–Rodgers turns 35 in December, but he is not ready to consider retirement.
Rodgers said he would like to play five seasons after the 2018 season.

“I’d love to play to 40 (years old),” Rodgers told NBC Sports’ Peter King. “I just think that number means a lot. Obviously, Tom (Brady) is kind of rewriting the book. Brett (Favre) had a good season when he turned 40. My goal is, be able to move like I do or close to how I do and still be able to do that at 40 … just because nobody’s been able to do that and still move around the same.

“Steve Young’s career was cut short in his late 30s. John (Elway), the same — he didn’t really move the same as when he was younger. So to be able to move the same way at 38, 39, 40 would be cool. That’s my aim.”

Brady, who was named league MVP in 2017, turns 41 next month.

–Tennessee Titans offseason acquisition Malcolm Butler sees plenty of similarities between new coach Mike Vrabel and Bill Belichick.

Butler spent eight years playing for Belichick before joining Vrabel and the Titans on a five-year, $61 million contract. That deal came to pass a little over a month after the 28-year-old Butler was effectively benched during Super Bowl LII.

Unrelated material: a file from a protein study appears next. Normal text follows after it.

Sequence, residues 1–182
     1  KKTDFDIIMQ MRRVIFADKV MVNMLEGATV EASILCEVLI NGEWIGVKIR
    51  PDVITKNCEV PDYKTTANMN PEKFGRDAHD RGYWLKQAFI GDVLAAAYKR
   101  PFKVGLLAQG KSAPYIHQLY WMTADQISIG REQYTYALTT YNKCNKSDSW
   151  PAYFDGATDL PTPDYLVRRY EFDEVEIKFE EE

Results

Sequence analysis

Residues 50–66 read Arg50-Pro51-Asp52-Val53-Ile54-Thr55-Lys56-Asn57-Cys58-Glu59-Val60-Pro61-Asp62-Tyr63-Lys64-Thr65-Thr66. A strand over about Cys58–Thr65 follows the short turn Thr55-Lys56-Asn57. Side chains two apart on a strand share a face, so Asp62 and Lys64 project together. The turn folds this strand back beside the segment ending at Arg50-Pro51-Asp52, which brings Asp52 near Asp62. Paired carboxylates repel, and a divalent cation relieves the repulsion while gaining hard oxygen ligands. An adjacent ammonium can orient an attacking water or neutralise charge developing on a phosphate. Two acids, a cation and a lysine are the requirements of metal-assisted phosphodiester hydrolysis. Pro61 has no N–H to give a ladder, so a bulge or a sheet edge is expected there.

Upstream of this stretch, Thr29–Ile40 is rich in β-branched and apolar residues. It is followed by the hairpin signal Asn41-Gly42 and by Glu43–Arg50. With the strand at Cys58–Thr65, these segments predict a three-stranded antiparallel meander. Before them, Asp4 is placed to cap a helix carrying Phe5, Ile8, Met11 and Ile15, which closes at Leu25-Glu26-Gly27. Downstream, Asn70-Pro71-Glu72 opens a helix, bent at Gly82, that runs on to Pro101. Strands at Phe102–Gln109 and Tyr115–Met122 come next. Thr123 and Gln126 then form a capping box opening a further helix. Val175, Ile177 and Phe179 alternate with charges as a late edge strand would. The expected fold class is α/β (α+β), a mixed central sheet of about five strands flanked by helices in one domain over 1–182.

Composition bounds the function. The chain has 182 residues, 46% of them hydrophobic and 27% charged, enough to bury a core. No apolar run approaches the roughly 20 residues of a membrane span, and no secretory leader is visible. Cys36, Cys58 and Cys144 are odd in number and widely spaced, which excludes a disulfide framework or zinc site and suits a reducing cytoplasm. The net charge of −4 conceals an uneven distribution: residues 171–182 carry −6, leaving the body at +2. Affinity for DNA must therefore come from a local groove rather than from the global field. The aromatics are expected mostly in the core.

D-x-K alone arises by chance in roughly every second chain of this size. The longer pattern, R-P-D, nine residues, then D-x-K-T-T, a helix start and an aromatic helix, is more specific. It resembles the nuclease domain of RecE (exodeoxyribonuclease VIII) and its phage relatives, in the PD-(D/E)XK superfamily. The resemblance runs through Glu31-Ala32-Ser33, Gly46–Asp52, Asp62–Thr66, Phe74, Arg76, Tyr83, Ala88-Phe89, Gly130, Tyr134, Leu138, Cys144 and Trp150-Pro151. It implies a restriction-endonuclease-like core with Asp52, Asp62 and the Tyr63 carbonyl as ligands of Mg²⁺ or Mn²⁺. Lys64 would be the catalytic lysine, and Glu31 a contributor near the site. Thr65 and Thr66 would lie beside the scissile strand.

“It’s the Patriots system, one of the greatest systems in the NFL,” Butler said, via “You can tell Mike played for Belichick because you can see some of the similarities. They’re about winning the way New England is about winning.

“One thing I saw early: Mike will put you on blast. He don’t care who’s around. He’s going to say what’s right. He might be a bit looser than Bill Belichick, but they’re both great guys. A man caught a ball on me — honestly I don’t know his name yet — but Mike let me hear about it. ‘Don’t get stuck on top of the routes like that! Make a play!’ Nobody cares where you come from or what you make. Everyone’s equal. And you can tell from the head coach all the way down to the interns, everybody wants to win.”

–San Francisco 49ers cornerback Richard Sherman didn’t hold back when addressing his seven seasons with the Seattle Seahawks.

Sherman helped the Seahawks win a Super Bowl title after the 2013 season and led the club back to the championship game the following year.

Then, according to the four-time Pro Bowl selection, it started to go south in the Pacific Northwest.

“Mistakes and poor judgment on things ruined what could have been a really special deal,” the 30-year-old Sherman told Sports Illustrated . “You don’t have much left right now.

“They’ve lost their way. It’s as simple as that. They’ve just lost their way. When you make too many mistakes over a long period of time, you kind of dig yourself a hole. And then when you backtrack, you gotta make a bunch of rash decisions to try and fill the hole and hope that it holds up.”